Route published by Pedro Pablo Uriarte ”19 circular walking routes around Gorliz”
DETAILS OF THE ROUTE:
Total time: 1 hour 50 minutes going down the most popular descent.
Distance: 8,26 km
Cumulative elevation gain: 309 m
This is the quickest and most direct route up Ermua, starting from the town centre. It is the one we have always used, ever since we were kids and climbed it long before they built the lighthouse with its road. In the past, almost the entire coastal area of Gorliz was under military occupation, which is why us young people of the time climbed up “our usual path”. Although one part of the climb is a little awkward, it is not difficult at all, and if you walk a little briskly, without dawdling, you can reach the summit in less than an hour.
Setting off from Plaza Ibarreta (Plaza de Iberrebarri), the route starts along Travesía de Iberre to Andra Mari Bidea. Turn left and you immediately come to the town’s main street: Itsasbide Kalea. Cross the road and go along Talaia Bidea, then go down Aldapabarrena until you reach Ondargane Bidea, which you follow on your right until you reach a roundabout (7 min.). Carry straight on along Urezarantza Bidea, then passing through the main access to the camp-site and a little later through its rear access.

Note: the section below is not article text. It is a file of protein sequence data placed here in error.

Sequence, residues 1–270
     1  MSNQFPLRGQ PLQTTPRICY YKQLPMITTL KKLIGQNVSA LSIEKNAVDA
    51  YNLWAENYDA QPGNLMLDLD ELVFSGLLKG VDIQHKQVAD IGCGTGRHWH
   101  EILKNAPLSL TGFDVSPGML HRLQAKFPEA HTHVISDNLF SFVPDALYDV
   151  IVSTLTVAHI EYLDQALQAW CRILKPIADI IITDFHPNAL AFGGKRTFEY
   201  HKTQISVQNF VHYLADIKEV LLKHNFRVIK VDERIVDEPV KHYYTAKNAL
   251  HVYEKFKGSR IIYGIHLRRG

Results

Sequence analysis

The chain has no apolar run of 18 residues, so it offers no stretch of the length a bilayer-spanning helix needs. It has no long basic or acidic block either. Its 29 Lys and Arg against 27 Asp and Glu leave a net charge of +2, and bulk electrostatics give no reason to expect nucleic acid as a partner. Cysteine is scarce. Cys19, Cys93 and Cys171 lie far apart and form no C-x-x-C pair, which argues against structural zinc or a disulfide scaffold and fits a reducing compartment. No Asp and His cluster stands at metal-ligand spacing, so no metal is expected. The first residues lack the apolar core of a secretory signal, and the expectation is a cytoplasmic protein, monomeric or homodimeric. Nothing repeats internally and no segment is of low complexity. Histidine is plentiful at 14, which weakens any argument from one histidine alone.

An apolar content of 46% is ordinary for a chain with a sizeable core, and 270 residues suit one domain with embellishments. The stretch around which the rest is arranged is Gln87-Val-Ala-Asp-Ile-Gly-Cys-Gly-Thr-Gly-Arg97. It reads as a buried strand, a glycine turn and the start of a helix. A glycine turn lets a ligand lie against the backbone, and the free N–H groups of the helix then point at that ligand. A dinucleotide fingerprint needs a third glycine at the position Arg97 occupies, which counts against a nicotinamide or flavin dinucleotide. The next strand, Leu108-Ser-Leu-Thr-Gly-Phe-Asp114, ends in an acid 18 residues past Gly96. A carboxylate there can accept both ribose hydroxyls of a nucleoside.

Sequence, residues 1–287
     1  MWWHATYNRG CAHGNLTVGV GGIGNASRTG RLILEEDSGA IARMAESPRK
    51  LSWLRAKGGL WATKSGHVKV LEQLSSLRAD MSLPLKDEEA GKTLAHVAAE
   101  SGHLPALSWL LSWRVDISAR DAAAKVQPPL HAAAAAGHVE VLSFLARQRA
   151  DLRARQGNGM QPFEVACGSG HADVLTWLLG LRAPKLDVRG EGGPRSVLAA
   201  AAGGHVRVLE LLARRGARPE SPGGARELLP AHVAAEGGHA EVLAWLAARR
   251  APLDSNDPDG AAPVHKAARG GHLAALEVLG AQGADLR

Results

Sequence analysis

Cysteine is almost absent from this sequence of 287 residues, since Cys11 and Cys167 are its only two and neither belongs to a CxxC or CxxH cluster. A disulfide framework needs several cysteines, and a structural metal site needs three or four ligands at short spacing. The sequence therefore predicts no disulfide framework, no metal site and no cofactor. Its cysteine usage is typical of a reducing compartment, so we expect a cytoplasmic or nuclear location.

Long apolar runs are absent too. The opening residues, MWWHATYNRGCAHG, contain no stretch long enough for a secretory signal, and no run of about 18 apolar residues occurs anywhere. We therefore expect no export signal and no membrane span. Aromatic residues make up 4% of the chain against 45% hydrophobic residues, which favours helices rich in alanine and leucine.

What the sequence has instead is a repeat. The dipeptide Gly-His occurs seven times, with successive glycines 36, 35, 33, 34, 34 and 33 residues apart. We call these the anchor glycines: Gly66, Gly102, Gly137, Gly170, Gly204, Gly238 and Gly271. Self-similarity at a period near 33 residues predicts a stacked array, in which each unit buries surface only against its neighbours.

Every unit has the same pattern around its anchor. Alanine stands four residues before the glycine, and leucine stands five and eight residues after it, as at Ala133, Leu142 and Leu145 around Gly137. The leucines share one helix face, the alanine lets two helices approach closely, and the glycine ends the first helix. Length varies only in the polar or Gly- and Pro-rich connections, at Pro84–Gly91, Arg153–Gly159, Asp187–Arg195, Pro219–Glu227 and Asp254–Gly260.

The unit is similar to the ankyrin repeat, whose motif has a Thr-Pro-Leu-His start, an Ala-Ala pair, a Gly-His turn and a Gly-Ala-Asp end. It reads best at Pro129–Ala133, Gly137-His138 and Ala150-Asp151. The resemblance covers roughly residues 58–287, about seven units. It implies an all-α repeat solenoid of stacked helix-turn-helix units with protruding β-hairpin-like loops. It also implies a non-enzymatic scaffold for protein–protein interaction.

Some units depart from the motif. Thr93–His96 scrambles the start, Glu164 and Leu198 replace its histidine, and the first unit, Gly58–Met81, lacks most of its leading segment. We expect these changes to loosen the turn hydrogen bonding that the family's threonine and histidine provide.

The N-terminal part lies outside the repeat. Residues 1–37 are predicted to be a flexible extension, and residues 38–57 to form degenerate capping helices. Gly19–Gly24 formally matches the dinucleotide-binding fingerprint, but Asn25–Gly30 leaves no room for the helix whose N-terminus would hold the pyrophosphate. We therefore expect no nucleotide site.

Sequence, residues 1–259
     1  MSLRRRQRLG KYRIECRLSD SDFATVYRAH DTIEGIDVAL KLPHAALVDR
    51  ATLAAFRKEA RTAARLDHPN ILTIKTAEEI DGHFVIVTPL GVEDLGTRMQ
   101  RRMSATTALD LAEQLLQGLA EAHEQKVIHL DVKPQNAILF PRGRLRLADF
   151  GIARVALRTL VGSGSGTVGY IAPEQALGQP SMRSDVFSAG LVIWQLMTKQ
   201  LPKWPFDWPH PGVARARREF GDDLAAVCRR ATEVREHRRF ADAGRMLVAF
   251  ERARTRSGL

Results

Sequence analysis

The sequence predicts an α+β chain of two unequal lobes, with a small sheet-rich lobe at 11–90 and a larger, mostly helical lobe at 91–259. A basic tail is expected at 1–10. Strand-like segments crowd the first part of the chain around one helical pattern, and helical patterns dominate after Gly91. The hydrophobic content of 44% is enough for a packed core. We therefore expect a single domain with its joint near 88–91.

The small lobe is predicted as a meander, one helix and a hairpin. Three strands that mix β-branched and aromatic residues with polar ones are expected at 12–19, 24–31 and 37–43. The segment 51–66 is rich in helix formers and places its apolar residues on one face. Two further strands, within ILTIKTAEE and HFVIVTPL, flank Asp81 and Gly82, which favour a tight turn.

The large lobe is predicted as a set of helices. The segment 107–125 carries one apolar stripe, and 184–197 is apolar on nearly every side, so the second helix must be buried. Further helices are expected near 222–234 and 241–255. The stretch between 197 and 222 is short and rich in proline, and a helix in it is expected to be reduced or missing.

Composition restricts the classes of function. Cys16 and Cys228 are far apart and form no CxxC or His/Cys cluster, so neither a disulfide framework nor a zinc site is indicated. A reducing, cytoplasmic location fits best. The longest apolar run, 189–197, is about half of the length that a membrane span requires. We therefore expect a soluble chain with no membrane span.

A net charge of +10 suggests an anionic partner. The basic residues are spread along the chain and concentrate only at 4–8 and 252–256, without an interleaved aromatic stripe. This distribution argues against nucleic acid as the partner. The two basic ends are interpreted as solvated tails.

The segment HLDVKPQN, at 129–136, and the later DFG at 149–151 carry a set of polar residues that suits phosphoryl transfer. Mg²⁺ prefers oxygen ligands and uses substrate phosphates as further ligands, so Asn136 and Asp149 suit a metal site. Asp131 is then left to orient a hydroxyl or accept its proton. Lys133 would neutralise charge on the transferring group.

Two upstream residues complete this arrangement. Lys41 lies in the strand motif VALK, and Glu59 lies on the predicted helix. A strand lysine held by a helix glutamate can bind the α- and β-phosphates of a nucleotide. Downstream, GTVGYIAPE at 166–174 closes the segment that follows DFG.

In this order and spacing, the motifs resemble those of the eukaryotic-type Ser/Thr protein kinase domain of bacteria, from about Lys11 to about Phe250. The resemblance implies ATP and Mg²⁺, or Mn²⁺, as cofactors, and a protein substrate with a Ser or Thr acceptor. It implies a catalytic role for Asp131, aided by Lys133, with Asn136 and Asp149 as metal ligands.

You will arrive at what we have always called the Entrepinos area, where the bar and hostel of the same name used to be (15 min.). Turn right here, next to some beautiful holm oaks, and take Arteaga Bidea. After a few metres, turn left towards the Itsas Gane residential estate, and then turn right again onto Urtiene Estrata.
A gentle ascent will take you to a chalet and the Haurreskola de Gorliz next to it (20 min.). Right there, at the end of the lane, on your right, among the bushes, you will find the beginning of a very rough stony path, particularly at the beginning, which will gradually lead you to the road from Orabille to Fanos.